Australian GP wide open, both from past stats and preseason tests

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With so much yet to be determined in terms of how the pecking order will stack up for the Australian Grand Prix, perhaps past history could provide a baseline for how certain drivers have done at Albert Park.

Only two drivers competing this weekend, Jenson Button and Kimi Raikkonen, have multiple victories in Melbourne. Button won the 2009, 2010 and 2012 editions; the first with Brawn and the last two with McLaren. Meanwhile Raikkonen won on his Ferrari debut in 2007, and also captured last year’s season opener for Lotus.

McLaren and Ferrari, this preseason, have been good but not great perhaps in terms of outright pace. The Mercedes power unit seems to have an early edge, but no one is sure whether Ferrari has showed its full hand.

A trio of World Champions: Sebastian Vettel (2011), Lewis Hamilton (2008) and Fernando Alonso (2006) have a win apiece in Melbourne. Alonso has four other podiums (two seconds and thirds) and hasn’t finished outside the top-five since 2003. Hamilton has three other podiums (one second, two thirds); meanwhile Vettel has been second and third here the last two years.

Mercedes’ Nico Rosberg hasn’t had an easy time of it in Melbourne. A third in a retirement-plagued 2008 race is his only trip to the top three. He hasn’t scored points any of the last three times in Australia, and retired in both 2011 and 2013.

Red Bull’s Daniel Ricciardo, the sole driver to wave the flag this year, posted a ninth place for Toro Rosso in 2012 and will be hoping for at least that if not more on his debut with the primary team.

From past recent Melbourne form, Lotus has been good, with Raikkonen’s win a year ago and a podium achieved by Vitaly Petrov in 2011. If similar regulations were to carry over you’d wager Romain Grosjean would have a good chance at making the rostrum, but not with the way the team’s preseason has gone in terms of time on track and reliability. Like Rosberg, Pastor Maldonado has failed to finish two of the last three Australian GPs, although he was on course to score points before a late accident in 2012.

Force India’s Nico Hulkenberg has nowhere to go but up in Melbourne. He’s yet to complete a single racing lap in three past Australian Grands Prix! Teammate Sergio Perez had his points-scoring Melbourne debut in 2011 wiped out per a disqualification; he hopes to improve on a best of eighth set in 2012.

Sauber’s Adrian Sutil did well a year ago with seventh, leading some laps on his return. Teammate Esteban Gutierrez will look to improve on 13th from his F1 debut. Toro Rosso’s Jean-Eric Vergne is yet to score in two Melbourne starts.

Williams could surprise, and a result for either Felipe Massa or Valtteri Bottas would likely be their best here. Melbourne has been a traditional bogey track for Massa, with five DNFs from his first seven Australian GP starts. But the last four have included a third (2010), seventh (2011) and fourth (2013). Bottas was 14th here a year ago.

The veterans at Caterham (Kamui Kobayashi) and Marussia (Jules Bianchi and Max Chilton) are simply looking for points; same story for the three rookies, Kevin Magnussen of McLaren, Toro Rosso’s Daniil Kvyat and Caterham’s Marcus Ericsson, who all seek a debut finish and perhaps points.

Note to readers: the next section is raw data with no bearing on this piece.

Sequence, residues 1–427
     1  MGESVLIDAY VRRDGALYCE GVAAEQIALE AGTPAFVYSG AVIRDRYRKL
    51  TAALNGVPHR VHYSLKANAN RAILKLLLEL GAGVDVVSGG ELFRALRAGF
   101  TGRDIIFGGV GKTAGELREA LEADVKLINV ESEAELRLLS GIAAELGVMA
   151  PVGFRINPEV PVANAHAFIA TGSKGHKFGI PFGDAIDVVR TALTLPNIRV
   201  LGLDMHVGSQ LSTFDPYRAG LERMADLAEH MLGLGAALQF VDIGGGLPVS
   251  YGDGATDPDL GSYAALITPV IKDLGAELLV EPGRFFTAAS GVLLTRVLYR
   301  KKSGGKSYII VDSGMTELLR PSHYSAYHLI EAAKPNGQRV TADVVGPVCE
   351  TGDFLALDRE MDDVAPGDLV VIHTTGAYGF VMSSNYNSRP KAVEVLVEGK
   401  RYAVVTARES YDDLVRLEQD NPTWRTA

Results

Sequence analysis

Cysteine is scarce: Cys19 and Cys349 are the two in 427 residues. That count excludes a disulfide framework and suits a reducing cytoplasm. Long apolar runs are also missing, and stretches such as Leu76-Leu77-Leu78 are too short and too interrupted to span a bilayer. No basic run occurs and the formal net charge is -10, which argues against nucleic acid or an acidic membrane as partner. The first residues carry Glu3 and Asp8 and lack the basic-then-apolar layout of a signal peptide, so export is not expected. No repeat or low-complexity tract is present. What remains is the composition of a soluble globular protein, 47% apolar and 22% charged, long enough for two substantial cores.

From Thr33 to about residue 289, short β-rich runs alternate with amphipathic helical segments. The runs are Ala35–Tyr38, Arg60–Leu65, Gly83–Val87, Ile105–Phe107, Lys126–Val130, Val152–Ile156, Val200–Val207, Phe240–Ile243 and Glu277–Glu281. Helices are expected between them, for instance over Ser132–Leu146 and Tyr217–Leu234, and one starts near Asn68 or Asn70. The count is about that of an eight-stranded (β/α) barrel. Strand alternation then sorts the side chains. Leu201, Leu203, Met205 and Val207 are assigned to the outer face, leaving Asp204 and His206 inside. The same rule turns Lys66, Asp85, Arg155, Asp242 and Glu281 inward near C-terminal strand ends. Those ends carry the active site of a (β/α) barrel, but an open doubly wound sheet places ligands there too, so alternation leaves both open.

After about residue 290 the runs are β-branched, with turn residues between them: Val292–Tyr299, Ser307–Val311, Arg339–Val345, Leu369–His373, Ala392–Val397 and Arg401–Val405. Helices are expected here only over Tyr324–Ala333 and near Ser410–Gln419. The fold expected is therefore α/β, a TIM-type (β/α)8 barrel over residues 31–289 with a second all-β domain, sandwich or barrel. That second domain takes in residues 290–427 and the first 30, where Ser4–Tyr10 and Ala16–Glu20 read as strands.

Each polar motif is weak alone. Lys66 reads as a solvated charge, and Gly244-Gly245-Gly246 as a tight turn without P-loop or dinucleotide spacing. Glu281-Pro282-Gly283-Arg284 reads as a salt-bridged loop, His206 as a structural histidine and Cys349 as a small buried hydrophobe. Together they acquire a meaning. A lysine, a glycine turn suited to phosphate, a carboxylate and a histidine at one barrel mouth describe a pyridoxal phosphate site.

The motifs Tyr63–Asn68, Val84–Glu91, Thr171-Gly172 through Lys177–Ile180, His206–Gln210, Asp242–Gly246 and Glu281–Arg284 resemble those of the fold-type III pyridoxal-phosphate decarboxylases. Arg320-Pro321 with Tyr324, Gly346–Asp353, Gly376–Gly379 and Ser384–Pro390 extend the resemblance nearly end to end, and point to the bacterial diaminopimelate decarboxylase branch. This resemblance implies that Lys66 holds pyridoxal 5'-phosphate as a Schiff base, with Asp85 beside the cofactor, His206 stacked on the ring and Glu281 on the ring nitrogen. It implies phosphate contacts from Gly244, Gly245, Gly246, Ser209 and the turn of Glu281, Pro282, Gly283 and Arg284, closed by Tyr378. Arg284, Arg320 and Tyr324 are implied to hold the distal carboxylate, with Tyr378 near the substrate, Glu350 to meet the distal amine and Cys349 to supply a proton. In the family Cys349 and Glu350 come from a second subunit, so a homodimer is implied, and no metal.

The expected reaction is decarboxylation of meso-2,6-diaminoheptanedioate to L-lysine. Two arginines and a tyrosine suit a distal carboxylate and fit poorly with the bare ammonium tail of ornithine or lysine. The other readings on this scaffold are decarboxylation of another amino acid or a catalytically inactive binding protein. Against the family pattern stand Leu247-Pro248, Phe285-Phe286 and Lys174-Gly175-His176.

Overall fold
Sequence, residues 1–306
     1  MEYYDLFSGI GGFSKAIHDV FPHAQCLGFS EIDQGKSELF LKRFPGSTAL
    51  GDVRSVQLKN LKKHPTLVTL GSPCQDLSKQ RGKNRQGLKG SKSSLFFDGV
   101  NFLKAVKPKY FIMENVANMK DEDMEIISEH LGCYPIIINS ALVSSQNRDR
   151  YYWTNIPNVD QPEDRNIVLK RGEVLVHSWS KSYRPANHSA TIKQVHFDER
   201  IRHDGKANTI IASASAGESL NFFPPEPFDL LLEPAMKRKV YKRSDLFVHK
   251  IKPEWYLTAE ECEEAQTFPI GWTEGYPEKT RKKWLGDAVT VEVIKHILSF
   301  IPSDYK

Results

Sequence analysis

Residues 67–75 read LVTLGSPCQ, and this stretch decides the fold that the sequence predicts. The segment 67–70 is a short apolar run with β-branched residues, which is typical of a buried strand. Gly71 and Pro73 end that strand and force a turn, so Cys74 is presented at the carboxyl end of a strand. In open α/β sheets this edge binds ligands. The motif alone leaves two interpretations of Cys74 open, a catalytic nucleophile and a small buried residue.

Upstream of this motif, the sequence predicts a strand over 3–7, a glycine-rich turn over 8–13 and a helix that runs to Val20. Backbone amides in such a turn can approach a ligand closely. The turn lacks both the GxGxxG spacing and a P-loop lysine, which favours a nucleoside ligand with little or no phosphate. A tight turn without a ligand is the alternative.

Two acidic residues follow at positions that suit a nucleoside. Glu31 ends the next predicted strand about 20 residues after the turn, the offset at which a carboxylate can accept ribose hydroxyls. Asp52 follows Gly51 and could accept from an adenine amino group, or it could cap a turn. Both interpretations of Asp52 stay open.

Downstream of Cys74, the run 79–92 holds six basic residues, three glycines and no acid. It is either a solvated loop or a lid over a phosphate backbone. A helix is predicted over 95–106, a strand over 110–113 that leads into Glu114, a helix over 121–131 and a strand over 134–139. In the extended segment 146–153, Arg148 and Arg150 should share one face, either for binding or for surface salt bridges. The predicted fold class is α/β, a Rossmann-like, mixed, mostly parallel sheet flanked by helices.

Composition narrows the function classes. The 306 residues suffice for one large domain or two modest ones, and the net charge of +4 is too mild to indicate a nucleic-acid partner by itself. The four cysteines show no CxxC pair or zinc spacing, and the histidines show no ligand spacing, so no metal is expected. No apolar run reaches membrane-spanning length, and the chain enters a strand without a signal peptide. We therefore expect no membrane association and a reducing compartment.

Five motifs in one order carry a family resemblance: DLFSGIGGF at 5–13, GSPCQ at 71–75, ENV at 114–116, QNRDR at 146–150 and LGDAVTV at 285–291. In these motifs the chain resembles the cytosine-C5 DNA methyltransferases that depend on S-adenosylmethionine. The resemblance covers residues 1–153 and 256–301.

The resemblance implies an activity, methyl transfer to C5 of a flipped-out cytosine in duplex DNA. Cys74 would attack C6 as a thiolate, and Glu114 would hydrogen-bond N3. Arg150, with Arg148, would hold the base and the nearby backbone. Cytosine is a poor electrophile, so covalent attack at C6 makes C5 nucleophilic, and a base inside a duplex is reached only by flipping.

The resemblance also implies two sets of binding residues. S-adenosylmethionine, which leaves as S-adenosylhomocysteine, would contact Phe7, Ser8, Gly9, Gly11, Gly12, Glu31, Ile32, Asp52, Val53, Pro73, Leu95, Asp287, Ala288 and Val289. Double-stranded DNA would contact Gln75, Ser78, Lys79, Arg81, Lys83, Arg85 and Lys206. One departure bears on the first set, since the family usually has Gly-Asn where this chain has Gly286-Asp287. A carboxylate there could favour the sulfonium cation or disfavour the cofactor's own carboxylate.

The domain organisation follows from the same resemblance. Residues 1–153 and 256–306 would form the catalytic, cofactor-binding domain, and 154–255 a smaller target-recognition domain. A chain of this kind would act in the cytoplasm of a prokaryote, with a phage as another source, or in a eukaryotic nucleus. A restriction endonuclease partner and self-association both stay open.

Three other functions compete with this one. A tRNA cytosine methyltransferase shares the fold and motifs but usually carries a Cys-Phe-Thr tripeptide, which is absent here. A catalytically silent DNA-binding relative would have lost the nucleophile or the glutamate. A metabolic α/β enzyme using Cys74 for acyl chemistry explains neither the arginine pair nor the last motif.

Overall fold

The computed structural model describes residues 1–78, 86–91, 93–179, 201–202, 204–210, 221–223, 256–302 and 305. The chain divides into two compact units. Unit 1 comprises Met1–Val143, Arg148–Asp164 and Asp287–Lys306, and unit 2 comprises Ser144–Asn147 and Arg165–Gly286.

Formula 1: Ricciardo nurses power unit trouble to win in Monaco

Photo: Getty Images
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Red Bull Racing’s Daniel Ricciardo had dominated the Monaco Grand Prix weekend heading into Sunday, topping every practice session and laying down a lap-record 1:10.810 to secure the pole.

The race itself was also going according to plan for Ricciardo, as he got the jump off Ferrari’s Sebastian Vettel on the start to lead into Sainte Devote.

However, on Lap 28, after the leaders all made their lone pit stops of the race, Ricciardo’s day nearly came unglued when he reported a loss of power on his RB14.

With the Red Bull team monitoring the issue, Vettel was able to close back in on Ricciardo and began stalking him for the lead.

However, Ricciardo brilliantly utilized a combination of late-braking and sustained cornering speed to keep Vettel at bay and secure his first victory at the Monaco Grand Prix.

The victory, Ricciardo’s second of the 2018 Formula 1 season, serves as sweet redemption after a pit stop error cost him a possible victory in 2016, when he settled for second behind Mercedes’ Lewis Hamilton.

Vettel, meanwhile, saw his challenge hampered after a Lap 72 Virtual Safety Car for a crash between Sauber’s Charles Leclerc and Toro Rosso’s Brendon Hartley – Leclerc suffered brake failure on the run up to the Nouvelle Chicane, and collected Hartley in the process.

When the VSC ended, Vettel could not get his Pirellis back up to temperature, and Ricciardo pulled away in the final laps.

While Vettel ended up second, Hamilton rounded out the podium in third, despite struggling with a graining issue on his Pirelli ultrasofts in the second half of the race. Hamilton held off Ferrari’s Kimi Raikkonen, who also fended off Hamilton’s teammate Valtteri Bottas for fourth – the trio finished up third (Hamilton), fourth (Raikkonen), and fifth (Bottas).

Esteban Ocon was sixth for Force India, with Pierre Gasly coming home a strong seventh for Toro Rosso. Nico Hulkenberg ended up eighth for Renault, while Max Verstappen came home ninth after starting last – Verstappen ran long on his first stint before switching to hypersofts on Lap 48. He ran the hypers all the way to the end to finish ninth.

Carlos Sainz Jr. was the final points finisher, coming home tenth for Renault.

Results are below.

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